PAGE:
Indeed, you can browse the internet and find a live broadcast of chamber music from the Budapest Festival Orchestra, or Sheku and Isata Kanneh-Mason playing the Rachmaninov Cello Sonata in the family home (that was wonderful), or Fenella Humphreys giving a violin recital from her front room after getting the audience to choose her programme via a Twitter poll, or the Royal Academy of Dancing offering Silver Swan ballet classes for the longer in tooth, or the live concert the other day from the Bavarian State Opera in which Jonas Kaufmann and Helmut Deutsch performed Schumann's Dichterliebe to an empty theatre, which was fabulous but heartbreaking ("Music without an audience just isn't the same," Kaufmann commented to the camera afterwards).

Yes, there is a glut of stuff; yes, it is often marvellous; no, it is no substitute whatsoever for attending the real live thing in a performance space shared with the performers and 500-3000+ other people. I don't believe the digital option is something we should expect to become the be-all and end-all forever, even though the virus danger needs to be much reduced before we can think of safely attending mass events again. No, it's simply the Thin End of the Wedge, and we all know it, but we hesitate to say so, either because we're trying to be terribly positive about things, or because we are bloody terrified. Neither is a reason to malign people's intent in providing this material.

If you object to people giving their work away for free, you are correct that of course they shouldn't have to. It is well known that streaming is daylight robbery in terms of proportion of income that goes to the companies versus that to the person actually providing the material, i.e. the artist. The artists should be able to earn a decent living from their work; it is scandalous that they do not. And it's usually not their fault - they've been got over a barrel and been forced to sign away their rights (small person versus big company: 'twas ever so). Ditto writers; since the Net Book Agreement, which set the price of a book, was done away with, incomes have plummeted and the only way is down.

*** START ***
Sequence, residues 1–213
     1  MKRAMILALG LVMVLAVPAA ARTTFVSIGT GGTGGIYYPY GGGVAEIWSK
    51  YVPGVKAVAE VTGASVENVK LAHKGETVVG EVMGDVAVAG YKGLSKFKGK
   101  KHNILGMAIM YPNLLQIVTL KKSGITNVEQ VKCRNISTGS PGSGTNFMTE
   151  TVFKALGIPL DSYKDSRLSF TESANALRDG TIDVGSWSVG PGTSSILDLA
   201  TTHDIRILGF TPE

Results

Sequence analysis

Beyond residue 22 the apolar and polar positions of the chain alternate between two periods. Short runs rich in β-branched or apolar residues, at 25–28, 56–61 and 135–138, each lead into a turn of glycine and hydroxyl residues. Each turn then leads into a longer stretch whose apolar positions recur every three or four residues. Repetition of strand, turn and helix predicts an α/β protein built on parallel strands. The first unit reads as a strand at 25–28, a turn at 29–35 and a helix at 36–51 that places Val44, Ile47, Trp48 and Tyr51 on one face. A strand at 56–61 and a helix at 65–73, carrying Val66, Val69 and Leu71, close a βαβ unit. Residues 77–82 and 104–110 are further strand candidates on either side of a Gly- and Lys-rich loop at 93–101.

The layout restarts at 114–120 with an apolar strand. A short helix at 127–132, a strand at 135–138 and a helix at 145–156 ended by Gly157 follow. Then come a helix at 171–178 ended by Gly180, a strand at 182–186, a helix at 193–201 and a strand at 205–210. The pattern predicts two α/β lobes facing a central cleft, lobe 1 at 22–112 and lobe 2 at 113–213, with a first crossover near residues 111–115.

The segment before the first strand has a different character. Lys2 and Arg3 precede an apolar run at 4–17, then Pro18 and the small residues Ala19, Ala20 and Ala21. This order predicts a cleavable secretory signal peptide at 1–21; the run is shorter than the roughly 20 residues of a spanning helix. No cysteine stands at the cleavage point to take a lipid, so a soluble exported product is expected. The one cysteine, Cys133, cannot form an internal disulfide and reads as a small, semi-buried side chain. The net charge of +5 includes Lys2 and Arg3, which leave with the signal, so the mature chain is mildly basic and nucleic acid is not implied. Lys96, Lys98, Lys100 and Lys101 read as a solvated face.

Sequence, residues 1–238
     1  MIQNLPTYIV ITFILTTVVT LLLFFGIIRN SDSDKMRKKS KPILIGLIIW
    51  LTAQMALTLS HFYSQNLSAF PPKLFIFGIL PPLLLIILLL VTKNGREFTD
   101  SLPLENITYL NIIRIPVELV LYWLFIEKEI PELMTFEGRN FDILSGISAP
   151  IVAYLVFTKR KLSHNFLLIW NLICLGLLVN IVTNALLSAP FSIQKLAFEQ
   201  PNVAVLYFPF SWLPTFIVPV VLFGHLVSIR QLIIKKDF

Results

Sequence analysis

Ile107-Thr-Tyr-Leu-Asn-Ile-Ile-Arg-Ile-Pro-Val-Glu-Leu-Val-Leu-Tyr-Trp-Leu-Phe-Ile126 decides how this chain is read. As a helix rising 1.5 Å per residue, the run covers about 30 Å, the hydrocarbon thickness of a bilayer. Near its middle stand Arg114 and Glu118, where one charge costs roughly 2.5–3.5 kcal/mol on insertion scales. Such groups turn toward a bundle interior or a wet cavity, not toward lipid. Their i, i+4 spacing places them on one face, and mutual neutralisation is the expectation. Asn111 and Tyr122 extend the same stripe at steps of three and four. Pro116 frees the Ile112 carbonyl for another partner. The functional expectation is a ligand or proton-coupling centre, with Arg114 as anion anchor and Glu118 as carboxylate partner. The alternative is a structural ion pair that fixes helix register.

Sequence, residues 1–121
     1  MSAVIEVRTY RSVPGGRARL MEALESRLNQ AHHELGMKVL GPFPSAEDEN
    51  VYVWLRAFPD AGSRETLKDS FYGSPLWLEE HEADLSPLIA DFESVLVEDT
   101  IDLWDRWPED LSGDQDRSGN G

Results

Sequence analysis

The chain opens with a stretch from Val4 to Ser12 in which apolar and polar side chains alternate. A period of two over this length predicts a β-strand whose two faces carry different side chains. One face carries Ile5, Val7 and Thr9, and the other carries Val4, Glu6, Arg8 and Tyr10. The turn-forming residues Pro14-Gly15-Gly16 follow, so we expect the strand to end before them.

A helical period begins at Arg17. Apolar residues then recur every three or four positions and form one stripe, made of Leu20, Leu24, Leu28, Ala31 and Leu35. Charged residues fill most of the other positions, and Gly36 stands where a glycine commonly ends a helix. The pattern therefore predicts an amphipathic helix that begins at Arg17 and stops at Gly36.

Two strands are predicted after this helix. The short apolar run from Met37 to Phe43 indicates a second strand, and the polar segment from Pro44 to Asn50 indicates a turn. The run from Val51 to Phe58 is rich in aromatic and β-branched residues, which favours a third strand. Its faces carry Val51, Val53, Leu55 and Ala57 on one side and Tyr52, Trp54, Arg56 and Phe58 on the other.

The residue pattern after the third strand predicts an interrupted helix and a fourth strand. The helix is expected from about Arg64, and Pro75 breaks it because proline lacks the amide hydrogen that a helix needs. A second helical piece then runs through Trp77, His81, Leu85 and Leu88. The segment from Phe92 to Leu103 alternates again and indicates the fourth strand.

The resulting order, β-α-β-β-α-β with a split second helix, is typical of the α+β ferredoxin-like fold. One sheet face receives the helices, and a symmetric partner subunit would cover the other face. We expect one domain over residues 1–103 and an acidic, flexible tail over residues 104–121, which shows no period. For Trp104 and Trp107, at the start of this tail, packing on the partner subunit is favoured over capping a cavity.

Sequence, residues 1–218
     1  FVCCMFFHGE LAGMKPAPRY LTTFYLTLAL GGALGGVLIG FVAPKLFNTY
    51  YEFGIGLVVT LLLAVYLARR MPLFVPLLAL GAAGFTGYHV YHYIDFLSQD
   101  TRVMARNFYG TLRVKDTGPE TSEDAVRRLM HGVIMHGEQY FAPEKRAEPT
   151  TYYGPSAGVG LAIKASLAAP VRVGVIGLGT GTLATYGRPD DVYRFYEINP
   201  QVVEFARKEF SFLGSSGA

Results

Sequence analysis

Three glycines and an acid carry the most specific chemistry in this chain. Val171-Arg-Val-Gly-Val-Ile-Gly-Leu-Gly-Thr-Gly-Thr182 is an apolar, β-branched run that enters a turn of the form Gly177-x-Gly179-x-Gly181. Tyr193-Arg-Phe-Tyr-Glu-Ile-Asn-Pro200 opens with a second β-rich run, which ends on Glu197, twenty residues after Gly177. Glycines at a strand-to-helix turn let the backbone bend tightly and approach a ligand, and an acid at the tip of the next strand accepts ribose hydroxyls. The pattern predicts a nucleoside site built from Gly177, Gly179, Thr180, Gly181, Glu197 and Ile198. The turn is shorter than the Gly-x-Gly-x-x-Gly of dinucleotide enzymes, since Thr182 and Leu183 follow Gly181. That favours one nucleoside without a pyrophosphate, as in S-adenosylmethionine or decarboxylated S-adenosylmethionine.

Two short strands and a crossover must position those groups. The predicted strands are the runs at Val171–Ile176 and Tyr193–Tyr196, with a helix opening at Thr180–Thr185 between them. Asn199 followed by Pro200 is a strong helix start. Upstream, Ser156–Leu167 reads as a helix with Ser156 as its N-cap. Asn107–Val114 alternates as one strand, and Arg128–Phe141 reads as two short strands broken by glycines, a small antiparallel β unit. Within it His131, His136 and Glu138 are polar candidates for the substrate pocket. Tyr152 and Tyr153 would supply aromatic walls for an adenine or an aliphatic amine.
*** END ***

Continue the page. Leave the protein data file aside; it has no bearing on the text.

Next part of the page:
However, streaming on the internet in times of crisis is an issue on its own. This is a period in which household incomes are shattered and in some cases completely non-existent. Ordering your colleagues not to do free work in case they find that people get used to it and expect it forever is really not the answer (not least because it is already too late).

May I suggest something constructive?

There are a number of crowdfunding platforms online which are suitable for musicians and writers. On Buy Me A Coffee, you can ask patrons to contribute the price of a cuppa after enjoying your work. Patreon enables (I think) people to offer you a chosen amount every month. GoFundMe seems easy to use, is efficient, lets you set a target but keep whatever funds are raised even if you don't reach that amount. And there are of course many more. I recommend that musicians offering free streaming could set up an account on one of these and encourage those who can to contribute as large or small an amount as they wish. I recommend, too, that those with the means could offer as much as they can to support their preferred artists.

On a larger scale, the big companies - the National Theatre included - present a request for a donation with every streaming. Most theatres, festivals and concert halls that have had to cancel their performances will offer you the option of donating your ticket price to help the company and its artists to weather this blast, and if you feel able to do that it is a very, very good thing.

There are plenty of charities, such as Help Musicians UK, which will be massively grateful for donations and provides grants for musicians in financial trouble. You can help in all kinds of ways, and the latest is your very own Tasmingram to say it with music: Tasmin Little is offering musical video messages specially recorded for you, in aid of Help Musicians UK (it's £35, the same cost as a nice bouquet - more details here).

As for those individuals who disparage all internet music on the grounds of No Free Performance and No Internet Presence, please contribute a donation to everything you hear, watch or read, and then you won't feel so bad. Indeed, you will feel that you did something worthwhile - and quite rightly so.